• Do NOT simply increase funding to the CBC so it can do more local news production. As stated earlier, CBC (not through any fault of its own necessarily) is part of the problem in that because it does such a good job already it makes it easier and in fact attractive for private media to abrogate its responsibilities in terms of local news programming. And as stated previously, we need more, not less diversity in news sources. Requiring the CBC to focus its resources on local news by using monies currently spent on music programming would be more appropriate. If part of the solution is to simply provide additional subsidy to CBC, it should only be on condition that CBC abandon advertising on all platforms (something that is the lifeblood of private broadcasters, not merely an augmentation to government subsidies) and get out of the business of music programming – something that can easily be offered across Canada through other means, including from sources that are not just mainstream, private broadcasters.

Private Broadcasters, the CBC, CKUA; in fact every organization that holds a broadcast license in Canada has a responsibility at least, if not an obligation, to provide local constituents with relevant news and information that informs about and reflects that community. However, private and independent broadcasters like CKUA cannot afford to ‘subsidize’ such content. As advertising revenues continue to shift to Google, YouTube and elsewhere, and as media becomes increasingly dominated by fewer and ever-bigger conglomerates, there is the real possibility that the number of news and information sources devoted to journalism in general, let alone local journalism will continue to shrink. It should give us all pause.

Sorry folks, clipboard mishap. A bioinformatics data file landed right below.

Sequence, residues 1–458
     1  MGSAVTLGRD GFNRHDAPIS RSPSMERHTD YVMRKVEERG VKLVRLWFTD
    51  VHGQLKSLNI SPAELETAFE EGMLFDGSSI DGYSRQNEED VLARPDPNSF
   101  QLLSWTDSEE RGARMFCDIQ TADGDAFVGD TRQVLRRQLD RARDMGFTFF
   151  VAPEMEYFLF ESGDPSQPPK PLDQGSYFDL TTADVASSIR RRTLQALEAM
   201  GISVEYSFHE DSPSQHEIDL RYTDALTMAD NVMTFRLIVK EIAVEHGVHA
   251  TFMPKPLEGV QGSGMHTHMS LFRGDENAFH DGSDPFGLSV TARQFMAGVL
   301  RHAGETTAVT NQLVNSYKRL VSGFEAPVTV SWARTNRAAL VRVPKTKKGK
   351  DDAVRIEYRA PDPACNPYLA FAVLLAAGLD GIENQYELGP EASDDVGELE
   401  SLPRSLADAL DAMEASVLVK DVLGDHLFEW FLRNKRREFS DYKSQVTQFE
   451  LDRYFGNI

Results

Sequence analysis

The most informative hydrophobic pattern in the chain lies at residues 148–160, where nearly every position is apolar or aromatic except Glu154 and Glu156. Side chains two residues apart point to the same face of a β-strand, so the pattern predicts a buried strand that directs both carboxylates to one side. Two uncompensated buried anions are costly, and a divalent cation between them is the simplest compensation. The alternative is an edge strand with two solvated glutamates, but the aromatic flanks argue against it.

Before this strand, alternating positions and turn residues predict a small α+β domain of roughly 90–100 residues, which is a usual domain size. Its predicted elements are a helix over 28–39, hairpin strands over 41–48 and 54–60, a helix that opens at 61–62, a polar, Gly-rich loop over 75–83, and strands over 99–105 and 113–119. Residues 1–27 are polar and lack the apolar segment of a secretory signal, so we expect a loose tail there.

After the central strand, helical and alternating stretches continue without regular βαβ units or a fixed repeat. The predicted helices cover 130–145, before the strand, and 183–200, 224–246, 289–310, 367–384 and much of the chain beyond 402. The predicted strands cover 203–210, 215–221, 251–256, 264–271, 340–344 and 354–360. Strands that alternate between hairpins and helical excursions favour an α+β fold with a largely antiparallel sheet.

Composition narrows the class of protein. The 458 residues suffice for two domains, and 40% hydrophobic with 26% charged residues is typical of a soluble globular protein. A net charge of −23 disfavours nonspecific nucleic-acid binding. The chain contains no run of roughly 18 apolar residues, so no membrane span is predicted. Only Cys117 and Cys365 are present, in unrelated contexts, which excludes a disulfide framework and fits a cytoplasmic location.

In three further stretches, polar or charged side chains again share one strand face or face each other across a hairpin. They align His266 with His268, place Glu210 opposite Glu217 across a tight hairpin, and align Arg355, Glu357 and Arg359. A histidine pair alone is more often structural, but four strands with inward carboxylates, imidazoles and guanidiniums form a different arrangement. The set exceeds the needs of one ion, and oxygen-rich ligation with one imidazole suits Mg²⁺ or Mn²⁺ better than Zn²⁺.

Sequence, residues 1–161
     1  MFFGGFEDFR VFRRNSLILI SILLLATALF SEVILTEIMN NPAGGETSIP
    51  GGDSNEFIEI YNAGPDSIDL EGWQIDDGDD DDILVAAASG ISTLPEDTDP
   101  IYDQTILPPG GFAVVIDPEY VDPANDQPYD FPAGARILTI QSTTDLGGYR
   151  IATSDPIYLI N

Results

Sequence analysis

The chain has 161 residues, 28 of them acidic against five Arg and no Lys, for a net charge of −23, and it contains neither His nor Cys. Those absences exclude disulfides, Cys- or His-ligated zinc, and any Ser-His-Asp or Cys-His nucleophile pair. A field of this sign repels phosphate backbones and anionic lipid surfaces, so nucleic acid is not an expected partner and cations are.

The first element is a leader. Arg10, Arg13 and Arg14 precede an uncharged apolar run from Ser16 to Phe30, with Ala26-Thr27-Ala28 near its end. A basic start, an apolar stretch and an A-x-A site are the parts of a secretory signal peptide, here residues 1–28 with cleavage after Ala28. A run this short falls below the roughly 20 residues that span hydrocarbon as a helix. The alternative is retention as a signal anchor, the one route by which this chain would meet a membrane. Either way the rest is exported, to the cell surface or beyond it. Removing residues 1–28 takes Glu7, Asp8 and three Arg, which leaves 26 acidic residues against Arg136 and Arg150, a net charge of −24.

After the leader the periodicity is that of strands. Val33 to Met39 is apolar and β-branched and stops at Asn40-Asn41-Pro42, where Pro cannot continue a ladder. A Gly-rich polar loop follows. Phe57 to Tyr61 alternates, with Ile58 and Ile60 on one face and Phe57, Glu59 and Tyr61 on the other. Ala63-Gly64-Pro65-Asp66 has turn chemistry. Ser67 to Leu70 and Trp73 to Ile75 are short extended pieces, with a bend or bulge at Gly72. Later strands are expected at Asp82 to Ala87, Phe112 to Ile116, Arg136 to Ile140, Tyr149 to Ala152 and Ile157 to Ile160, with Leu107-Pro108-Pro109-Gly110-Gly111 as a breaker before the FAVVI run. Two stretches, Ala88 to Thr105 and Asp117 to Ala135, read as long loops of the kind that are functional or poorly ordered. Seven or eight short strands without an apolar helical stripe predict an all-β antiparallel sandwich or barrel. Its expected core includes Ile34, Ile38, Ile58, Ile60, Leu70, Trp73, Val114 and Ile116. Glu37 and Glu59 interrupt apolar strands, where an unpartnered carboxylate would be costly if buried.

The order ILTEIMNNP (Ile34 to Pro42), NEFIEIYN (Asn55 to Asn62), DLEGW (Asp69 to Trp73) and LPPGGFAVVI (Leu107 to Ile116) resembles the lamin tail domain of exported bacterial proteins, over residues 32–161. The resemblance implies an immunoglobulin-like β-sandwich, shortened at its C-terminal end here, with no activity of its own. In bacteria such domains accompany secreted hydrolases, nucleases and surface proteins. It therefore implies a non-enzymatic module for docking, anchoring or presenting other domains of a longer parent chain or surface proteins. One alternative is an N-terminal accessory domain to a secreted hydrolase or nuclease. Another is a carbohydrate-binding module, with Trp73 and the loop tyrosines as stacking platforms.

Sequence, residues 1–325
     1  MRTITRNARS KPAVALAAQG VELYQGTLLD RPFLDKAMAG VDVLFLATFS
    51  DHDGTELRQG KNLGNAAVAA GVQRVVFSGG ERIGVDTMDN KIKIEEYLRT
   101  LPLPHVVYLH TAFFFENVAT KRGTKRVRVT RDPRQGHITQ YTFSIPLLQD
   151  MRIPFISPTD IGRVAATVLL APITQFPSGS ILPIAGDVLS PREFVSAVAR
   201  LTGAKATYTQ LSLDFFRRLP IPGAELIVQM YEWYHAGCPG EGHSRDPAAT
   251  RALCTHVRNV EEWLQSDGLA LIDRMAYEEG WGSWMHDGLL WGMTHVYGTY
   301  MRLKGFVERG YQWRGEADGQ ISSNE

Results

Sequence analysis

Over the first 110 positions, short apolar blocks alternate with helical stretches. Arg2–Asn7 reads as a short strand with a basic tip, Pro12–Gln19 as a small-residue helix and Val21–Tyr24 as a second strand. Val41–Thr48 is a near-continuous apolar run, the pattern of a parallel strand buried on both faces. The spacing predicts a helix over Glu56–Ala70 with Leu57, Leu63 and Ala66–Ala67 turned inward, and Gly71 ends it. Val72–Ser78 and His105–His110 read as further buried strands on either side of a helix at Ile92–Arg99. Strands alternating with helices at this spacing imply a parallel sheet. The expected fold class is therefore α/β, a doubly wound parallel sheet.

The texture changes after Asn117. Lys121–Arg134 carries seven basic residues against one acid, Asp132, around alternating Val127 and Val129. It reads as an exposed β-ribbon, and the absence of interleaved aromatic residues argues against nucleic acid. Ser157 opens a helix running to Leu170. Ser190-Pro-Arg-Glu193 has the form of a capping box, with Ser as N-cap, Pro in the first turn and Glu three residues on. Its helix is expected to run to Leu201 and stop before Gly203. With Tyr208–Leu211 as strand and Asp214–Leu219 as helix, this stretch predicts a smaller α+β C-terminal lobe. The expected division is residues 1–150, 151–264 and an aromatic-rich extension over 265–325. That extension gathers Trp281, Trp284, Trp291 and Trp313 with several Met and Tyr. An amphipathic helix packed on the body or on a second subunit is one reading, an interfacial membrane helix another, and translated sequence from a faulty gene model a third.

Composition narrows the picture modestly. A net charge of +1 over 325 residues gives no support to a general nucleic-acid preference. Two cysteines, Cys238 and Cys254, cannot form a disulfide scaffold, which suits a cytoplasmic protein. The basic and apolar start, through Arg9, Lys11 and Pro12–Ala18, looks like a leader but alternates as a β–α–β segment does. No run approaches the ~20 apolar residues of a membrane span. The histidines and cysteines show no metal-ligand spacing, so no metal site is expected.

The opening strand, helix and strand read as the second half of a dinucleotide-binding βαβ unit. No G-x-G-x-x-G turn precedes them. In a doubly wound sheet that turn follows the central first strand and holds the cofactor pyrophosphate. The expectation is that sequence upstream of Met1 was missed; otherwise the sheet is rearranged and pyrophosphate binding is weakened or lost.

Ken’s Linkedin PAGE



  1. Ken Regan’s thoughts are truly worthwhile. Here’s an additional possibility that might be considered when it comes to dealing with the CBC. How about having them allow ‘access’ to audio clips that are basically ‘public domain’ in nature. I’m thinking of clips from scrums and news conferences. After all, as taxpayers we all pay for this material. Why shouldn’t non-subsidized local broadcasters be able to utilize it without the need for fancy written agreements ? Just a thought .. Roger Currie, CJNU, 93.7 FM in Winnipeg